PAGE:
Ehlers-Danlos Syndrome Awareness Month – My EDS Story

 

EDS awareness

In May 2015, I was diagnosed with Ehlers-Danlos Syndrome and fibromyalgia, then in February 2016, I was diagnosed with reactive arthritis. Whilst the majority of my diagnoses have been over the past few years, I started to become symptomatic in terms of EDS when I was around the age of 13, but I was passed off as clumsy by my school and healthcare professionals. EDS doesn’t run in the family, so no one was looking out for it: I have wonky genes along with wonky joints and that’s taken quite a lot of adjustment to get used to. Throughout my secondary school years, I had a catalogue of bizarre injuries including my finger being dislocated and the main tendons being snapped when my friend held my hand in a French lesson, dislocating my knee by standing up (yes, really!), numerous broken bones, dislocating my shoulder doing a press up…I could continue! People found it funny, I had a reputation of being clumsy and often resembling Bambi on ice and the school matron was sick of the sight of my face. My mum raised how abnormal my injuries were to medical staff and was dismissed: they also thought that I was just a clumsy teenager.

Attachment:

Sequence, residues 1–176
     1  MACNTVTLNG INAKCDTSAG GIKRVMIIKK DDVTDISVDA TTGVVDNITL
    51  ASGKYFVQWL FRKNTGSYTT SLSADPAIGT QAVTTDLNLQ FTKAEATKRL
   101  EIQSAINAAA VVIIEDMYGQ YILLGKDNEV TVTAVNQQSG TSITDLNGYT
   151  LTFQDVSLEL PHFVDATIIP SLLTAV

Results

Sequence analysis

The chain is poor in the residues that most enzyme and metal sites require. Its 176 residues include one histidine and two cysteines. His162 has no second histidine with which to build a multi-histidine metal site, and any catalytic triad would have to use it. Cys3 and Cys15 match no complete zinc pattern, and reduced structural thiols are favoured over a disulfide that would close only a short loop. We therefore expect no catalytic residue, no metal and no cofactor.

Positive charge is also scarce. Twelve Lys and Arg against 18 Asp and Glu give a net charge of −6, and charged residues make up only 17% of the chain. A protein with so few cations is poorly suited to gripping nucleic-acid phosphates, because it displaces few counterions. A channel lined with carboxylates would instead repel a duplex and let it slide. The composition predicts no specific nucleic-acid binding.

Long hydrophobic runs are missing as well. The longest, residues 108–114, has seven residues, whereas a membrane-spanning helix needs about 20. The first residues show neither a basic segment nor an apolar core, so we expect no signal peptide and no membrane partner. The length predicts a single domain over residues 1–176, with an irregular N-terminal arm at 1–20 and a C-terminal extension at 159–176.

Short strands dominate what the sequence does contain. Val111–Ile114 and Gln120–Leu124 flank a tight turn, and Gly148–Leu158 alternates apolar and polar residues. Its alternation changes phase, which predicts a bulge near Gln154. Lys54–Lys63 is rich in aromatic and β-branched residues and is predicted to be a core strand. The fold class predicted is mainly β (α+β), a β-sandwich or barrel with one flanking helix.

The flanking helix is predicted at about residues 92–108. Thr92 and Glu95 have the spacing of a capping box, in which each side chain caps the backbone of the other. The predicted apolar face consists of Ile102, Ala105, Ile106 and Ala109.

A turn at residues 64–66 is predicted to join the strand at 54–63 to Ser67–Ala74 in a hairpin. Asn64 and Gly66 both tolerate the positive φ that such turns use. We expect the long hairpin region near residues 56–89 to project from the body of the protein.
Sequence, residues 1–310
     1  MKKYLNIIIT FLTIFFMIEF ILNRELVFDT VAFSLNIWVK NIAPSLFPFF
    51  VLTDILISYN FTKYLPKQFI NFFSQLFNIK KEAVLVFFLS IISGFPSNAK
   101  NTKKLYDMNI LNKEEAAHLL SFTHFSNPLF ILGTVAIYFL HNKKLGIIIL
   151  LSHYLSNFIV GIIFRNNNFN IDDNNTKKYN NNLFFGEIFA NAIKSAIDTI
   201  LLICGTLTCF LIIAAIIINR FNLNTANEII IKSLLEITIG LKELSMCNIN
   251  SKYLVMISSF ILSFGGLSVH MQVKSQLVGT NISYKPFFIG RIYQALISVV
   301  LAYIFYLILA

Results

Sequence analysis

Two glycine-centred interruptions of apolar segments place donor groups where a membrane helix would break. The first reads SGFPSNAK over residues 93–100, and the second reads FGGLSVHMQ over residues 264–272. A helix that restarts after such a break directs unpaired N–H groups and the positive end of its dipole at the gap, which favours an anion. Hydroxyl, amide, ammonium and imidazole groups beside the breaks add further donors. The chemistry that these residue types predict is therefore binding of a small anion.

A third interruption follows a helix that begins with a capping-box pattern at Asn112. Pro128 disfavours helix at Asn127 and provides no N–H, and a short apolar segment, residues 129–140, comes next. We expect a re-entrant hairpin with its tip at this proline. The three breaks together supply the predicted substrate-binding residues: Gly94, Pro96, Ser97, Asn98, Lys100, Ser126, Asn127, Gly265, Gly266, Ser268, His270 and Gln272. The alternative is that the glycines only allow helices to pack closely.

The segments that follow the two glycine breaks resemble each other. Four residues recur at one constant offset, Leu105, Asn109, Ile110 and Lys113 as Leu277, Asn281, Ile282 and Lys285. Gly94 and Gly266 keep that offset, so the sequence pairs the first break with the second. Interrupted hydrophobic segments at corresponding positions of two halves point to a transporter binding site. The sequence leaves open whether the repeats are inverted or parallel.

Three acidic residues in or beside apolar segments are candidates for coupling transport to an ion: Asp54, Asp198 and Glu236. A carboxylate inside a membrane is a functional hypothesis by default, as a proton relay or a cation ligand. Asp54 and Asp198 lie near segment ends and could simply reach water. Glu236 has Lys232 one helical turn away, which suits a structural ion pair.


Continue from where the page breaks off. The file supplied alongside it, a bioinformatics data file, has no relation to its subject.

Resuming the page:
In short, EDS is a connective tissue disorder: my joints dislocate really easily, my immune system is pretty rubbish and I’m in constant pain all the time. More recently, I’ve been experiencing issues with the tissues in my digestive system and it’s likely that I have gastroparesis. This has been a hard blow and adjusting to the latest symptoms has made the past few months tough. Dealing with being malnourished makes life a lot harder and I’ve had to give up a lot of things because physically and mentally, it was just too much.